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Re: H.M.S. Polyphemus (1881), not quite a submarine
« Reply #243 on: February 21, 2013, 05:48:44 pm »

Looks like a prop from a Gerry Anderson flick!:D

Tee hee !  It does a bit  O0    The object was to keep all the power and control swiches, plus charging connectors, in one waterproof section to minimise removing watertight hatches.  LED's were added to give visual indication when the various voltages were 'on'.  I did try to use drinks tops, but ran out of space.  At least each bus section is isolatable for commissioning.
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Re: H.M.S. Polyphemus (1881), semi submersible
« Reply #244 on: February 25, 2013, 10:32:20 pm »

6V Electrics

  The 6V wiring is in and tested.  Big SLA, P94 controller, P19 BEC, rocker switch, charging connectors and LED.  DC wiring is run along the port side, through small slots at the top of the transverse bulkheads, which will be sealed with RTV.  C/O switches are used so batteries can only be charged in the off position.

   Switch / connector panel

I have just upgraded the MMB Mister for a throttle controlled variable speed fan.

Next will be the 12V and 24V circuits.  A bit busy, but that was my choice.
Servo leads will be routed opposite on the starboard side. 
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Re: H.M.S. Polyphemus (1881), not quite a submarine
« Reply #245 on: February 25, 2013, 10:58:30 pm »

Hi Bob K


Looking forward to seeing this on the water or should I say in the water. The work you have put into the development of the hull and all the equipment you deserve more than a pat on the back!
I don't know if you have read the book Early British Destroyers by Norman Friedman but the initial chapter goes into some detail about the Polyphemus and her development including suggestion of a sister ship to be built but never was. I'll fetch it out over this weekend and write up the info for if you have not got it already. Hope to see you at Wicksteed Park this year.
Regards


Nick B
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Re: H.M.S. Polyphemus (1881), not quite a submarine
« Reply #246 on: February 25, 2013, 11:24:08 pm »

Welcome back to Blighty Nick  :}
 
I don't have that book, so any specific info you have on this would be greatly appreciated.  Thanks.   I will be at Wicksteed at the end of May, but whether Polyphemus will be ready by then is in the lap of the Gods.  At best it could be a decked over hull.
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Re: H.M.S. Polyphemus (1881), semi submersible
« Reply #247 on: February 27, 2013, 08:53:08 pm »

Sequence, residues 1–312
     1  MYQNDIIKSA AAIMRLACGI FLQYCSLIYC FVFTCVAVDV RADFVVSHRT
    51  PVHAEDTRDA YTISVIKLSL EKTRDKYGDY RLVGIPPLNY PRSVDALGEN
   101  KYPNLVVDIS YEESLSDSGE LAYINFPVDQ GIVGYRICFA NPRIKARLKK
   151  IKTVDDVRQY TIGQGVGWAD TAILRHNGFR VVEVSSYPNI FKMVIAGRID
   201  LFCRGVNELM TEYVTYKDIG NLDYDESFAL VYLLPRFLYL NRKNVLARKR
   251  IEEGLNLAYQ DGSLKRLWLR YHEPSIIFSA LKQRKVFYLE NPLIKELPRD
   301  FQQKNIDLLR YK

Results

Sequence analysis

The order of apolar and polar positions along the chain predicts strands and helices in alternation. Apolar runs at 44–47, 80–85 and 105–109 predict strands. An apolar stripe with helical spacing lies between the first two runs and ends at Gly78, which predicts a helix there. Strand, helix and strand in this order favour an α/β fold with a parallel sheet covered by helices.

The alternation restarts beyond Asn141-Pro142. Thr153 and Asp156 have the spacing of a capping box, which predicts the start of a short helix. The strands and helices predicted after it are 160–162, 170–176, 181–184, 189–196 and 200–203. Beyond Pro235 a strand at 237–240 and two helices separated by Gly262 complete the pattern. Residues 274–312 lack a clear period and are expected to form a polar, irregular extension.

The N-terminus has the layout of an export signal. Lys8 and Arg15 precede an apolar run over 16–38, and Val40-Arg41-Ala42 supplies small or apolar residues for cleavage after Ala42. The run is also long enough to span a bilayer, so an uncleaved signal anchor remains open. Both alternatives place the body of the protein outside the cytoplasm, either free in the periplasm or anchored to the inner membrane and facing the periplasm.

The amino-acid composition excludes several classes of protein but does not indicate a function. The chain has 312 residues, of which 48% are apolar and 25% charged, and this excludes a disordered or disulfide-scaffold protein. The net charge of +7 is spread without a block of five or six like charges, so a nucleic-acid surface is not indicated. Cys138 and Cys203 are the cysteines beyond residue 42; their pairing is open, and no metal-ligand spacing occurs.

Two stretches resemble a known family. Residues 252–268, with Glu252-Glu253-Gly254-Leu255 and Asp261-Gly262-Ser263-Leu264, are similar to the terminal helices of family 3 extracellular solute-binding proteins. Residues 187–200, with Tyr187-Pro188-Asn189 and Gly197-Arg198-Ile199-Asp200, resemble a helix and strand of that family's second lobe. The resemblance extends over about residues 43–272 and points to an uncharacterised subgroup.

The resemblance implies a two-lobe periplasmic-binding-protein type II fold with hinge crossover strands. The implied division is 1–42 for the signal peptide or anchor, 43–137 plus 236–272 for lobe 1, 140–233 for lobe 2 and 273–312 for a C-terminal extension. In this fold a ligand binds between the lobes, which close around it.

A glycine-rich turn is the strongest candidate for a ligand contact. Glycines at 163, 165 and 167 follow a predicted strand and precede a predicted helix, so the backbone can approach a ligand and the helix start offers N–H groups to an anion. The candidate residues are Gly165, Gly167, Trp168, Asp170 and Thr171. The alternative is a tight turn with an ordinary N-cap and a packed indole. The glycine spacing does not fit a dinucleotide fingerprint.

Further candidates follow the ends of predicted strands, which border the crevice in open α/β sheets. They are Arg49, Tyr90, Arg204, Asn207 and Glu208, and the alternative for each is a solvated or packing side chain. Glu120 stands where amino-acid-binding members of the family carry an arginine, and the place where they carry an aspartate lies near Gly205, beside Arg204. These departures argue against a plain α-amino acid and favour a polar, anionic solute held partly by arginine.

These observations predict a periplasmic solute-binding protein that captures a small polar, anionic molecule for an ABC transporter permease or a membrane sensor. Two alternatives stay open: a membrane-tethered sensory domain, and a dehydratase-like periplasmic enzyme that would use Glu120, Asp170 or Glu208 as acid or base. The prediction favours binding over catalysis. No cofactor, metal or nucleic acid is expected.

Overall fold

More Electrics

  There is something very satisfying after checking wiring connections several times, you switch it on, and everything works. 
I doff my cap to ACTion once again, having four of their modules aboard this build.  The huge props turn nicely, in the right direction first time. 
The Deans Kondor motors have good torque at low RPM.

   Motors Compartment

Now was the time to tidy the cable runs so far.  A lot of servo leads. 
Three rudders with servo reverser.  Ballast tank controls.  Throttle controlled Mister fan.

   Mister Compartment

12V

Nice and simple.  The 12V air pump is operated by a servo cam microswitch, so it remains off unless you move the Tx stick to max up.  Just a charging socket and LED to add to the wired pump.

24V

Another change of plan.  I did get a 12 to 24V DC to DC converter, just to try it.  However it is too large and heavy to fit onboard.  Googling I found a medical mains charger with 24VDC output suitable for NiMh batteries.  This way I keep the weight in the workshop, and charge the two series connected 8 cell packs in situ.  Beats having twin 12V charging sockets plus 4 pole switch under the deck.

 
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Re: H.M.S. Polyphemus (1881), not quite a submarine
« Reply #248 on: March 01, 2013, 07:37:09 pm »

Hi Bob


Here is the info from British Destroyers From Earliest Days to the Second World War by Norman Friedman.


HMS Polyphemus was an alternative solution to combining torpedoes with the deployable fleet. Conceived a decade before HMS Vulcan she was a dead end because without large calibre guns she had no viable peace time role. Despite her conventional appearance she was semi submersible ship with a three part raft superstructure designed to float free if the main hull sank.


Polyphemus